Ask ten different allergists about the cause of asthma and you may get twenty different explanations. A nearly mind-boggling number of causes have been proposed: dust, dust mites, cockroaches, house mice, wall-to-wall carpeting, central heating, gas stoves, overly sealed (insulated) buildings, candida yeast infections, pollen, and food allergies. In addition, some people blame urban air pollution. While air pollution certainly can trigger asthmatic attacks, urban air pollution has generally declined, while the number of people with asthma has increased. The same pattern is true with secondhand cigarette smoke, which can increase the risk of asthma in children—but fewer people are smoking, and the rate of asthma continues to rise. Others point the finger at the widespread use of antibacterial cleansers or antibiotics, both of which might reduce routine expo sures to bacteria and interfere with the normal programming of immune systems.
All of the above factors can trigger asthmatic reactions in sensitive people. So can a host of other factors, including exercise, cold air, aspirin, sulfites (a preservative used in wines, beers, and some salad bars), and tar-trazine (a yellow coloring used in some foods and drugs). In addition, emotional stress can induce asthmatic reactions in some people, and being overweight predisposes some people to asthma.
Like a fish that does not realize it is living in polluted waters, many people with asthma and many allergists don't understand that they are essentially swimming in a polluted diet. The modern diet, which is high in pro-inflammatory omega-6 and trans fatty acids and low in antioxidants, sets the stage for asthmatic reactions. In effect, asthma is one of many diseases of modern civilization and modern eating habits.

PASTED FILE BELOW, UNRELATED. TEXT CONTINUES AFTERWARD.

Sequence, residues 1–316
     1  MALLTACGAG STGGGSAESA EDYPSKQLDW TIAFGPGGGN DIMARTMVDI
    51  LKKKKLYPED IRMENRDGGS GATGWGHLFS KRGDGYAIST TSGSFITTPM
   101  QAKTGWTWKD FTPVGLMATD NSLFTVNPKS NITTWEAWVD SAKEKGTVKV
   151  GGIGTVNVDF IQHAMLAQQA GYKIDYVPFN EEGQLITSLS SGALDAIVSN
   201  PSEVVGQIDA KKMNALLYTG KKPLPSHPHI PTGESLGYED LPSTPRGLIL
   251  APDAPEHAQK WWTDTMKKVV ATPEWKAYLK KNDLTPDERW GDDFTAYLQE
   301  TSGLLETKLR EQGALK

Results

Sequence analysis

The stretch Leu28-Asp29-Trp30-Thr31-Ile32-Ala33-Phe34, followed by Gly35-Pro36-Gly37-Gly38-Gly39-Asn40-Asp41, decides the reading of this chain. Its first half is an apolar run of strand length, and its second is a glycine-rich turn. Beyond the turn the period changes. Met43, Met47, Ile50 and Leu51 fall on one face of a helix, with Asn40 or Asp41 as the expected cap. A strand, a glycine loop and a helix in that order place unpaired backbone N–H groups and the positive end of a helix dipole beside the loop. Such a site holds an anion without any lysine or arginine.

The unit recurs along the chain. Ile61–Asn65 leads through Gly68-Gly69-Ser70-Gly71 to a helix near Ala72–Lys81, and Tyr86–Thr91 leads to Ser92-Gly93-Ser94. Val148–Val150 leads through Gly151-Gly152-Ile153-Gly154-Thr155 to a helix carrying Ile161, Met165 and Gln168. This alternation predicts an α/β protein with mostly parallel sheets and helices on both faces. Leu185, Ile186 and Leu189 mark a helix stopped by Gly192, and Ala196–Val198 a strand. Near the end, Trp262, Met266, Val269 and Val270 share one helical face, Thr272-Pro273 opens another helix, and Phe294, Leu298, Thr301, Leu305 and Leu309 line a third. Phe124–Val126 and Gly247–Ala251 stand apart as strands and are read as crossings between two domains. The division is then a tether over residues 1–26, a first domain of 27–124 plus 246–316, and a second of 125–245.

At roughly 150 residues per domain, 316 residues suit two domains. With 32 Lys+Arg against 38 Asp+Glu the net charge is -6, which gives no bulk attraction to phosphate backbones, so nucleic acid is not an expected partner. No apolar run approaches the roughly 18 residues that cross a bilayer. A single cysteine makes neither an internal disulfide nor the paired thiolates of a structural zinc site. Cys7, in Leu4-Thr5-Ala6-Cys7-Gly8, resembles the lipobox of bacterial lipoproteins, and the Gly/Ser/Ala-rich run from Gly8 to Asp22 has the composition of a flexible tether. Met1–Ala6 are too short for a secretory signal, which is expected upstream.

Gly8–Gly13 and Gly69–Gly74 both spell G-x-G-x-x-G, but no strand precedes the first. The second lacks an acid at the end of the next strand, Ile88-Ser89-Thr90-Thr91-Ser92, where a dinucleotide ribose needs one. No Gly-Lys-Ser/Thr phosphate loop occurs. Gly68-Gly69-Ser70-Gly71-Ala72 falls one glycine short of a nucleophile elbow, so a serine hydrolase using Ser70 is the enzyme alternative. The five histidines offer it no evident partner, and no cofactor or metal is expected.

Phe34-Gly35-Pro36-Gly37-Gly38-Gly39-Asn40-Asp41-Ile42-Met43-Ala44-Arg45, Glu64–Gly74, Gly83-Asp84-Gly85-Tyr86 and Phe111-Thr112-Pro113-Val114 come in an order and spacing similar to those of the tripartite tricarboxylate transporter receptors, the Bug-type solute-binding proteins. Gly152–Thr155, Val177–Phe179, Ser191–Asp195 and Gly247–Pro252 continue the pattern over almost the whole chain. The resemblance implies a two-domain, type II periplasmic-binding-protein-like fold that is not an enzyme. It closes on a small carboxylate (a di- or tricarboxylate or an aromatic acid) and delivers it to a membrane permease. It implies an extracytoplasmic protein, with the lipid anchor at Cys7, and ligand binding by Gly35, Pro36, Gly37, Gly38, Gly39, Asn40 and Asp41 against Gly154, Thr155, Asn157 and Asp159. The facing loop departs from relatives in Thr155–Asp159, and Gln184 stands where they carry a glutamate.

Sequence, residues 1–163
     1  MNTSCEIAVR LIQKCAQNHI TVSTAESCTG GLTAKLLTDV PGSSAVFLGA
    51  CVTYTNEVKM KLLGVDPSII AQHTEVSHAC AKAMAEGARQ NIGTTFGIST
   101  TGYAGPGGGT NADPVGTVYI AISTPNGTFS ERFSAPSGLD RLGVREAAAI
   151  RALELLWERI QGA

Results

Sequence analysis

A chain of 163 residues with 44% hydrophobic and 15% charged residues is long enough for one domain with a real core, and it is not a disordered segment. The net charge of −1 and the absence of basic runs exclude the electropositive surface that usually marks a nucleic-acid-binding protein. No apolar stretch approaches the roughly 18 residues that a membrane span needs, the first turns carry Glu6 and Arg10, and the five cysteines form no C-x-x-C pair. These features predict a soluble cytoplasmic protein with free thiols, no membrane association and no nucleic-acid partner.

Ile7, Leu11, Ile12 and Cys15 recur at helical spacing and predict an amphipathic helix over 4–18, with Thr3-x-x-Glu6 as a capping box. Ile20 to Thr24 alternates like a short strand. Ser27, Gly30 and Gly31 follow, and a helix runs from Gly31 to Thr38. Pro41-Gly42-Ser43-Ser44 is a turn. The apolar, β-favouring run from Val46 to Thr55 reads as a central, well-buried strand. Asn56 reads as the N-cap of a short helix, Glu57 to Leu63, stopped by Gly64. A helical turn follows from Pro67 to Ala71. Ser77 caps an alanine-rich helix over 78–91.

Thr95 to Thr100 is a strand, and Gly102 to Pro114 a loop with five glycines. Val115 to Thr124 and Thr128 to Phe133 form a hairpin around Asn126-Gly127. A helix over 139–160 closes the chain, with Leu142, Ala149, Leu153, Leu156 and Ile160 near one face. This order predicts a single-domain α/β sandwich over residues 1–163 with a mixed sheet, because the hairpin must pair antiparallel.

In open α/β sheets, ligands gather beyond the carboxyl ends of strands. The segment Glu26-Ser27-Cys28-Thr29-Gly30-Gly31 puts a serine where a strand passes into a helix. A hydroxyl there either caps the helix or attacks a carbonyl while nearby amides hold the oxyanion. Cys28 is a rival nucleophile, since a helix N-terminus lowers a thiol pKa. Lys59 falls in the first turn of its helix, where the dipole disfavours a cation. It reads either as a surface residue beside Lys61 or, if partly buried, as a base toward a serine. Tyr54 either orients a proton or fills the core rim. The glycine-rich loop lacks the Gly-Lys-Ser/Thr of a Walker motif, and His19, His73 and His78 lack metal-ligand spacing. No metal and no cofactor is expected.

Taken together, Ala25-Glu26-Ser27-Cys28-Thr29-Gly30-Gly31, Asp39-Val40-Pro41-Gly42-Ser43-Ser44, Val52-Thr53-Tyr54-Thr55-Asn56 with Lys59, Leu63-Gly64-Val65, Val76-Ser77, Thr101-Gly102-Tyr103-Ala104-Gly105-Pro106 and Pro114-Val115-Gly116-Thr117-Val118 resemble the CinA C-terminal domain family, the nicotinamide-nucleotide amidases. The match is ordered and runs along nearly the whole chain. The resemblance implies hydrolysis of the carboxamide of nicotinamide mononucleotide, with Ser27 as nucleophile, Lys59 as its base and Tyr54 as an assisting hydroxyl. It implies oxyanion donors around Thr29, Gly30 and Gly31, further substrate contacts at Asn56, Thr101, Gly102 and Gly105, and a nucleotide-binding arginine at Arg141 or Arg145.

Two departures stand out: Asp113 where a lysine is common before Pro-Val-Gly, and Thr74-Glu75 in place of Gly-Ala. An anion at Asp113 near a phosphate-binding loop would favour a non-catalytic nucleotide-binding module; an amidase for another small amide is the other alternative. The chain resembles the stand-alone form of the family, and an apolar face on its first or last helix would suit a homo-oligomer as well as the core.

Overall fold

People with asthma tend to have higher than normal levels of free radicals, which stimulate inflammatory reactions and also indicate low intakes of antioxidant nutrients. Several studies have found that both children and adults have better lung function and are less likely to wheeze when they eat a lot of fruits and vegetables, the main dietary sources of an-tioxidants. Breast-feeding also may reduce the risk of asthma and other respiratory illnesses. J. Stewart Forsyth, M.D., of Ninewells Hospital, Dundee, Scotland, noted in the British Medical Journal that "nutritional deficiencies at critical periods of fetal and infant growth may induce permanent changes in physiological function."
Other research points to inadequate levels of anti-inflammatory omega-3 fish oils in the diet. A study of almost six hundred children by Ann J. Woolcock, M.D., of the Royal Prince Alfred Hospital, Australia, found that those who regularly ate fresh fish rich in omega-3 fatty acids had one-fourth the risk of asthma, compared with children who ate little or no fish. In a separate article, Jennifer K. Peat, Ph.D., a colleague of Woolcock's, noted that the increase of childhood asthma corresponded with a fivefold increase in the use of vegetable oils (rich in pro-inflammatory omega-6 fatty acids) and a shift to using margarine instead of butter. Similar changes have occured in New Zealand, England, and the United States.
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